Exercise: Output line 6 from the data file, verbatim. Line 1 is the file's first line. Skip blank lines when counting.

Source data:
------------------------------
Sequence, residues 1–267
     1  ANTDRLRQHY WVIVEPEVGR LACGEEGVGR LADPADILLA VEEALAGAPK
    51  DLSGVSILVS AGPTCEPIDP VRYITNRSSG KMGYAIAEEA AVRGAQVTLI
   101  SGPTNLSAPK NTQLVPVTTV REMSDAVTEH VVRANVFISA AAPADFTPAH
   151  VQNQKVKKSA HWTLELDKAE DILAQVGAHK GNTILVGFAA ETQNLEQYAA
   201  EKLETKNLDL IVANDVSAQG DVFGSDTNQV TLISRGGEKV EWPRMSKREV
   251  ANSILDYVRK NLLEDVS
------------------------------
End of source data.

   201  EKLETKNLDL IVANDVSAQG DVFGSDTNQV TLISRGGEKV EWPRMSKREV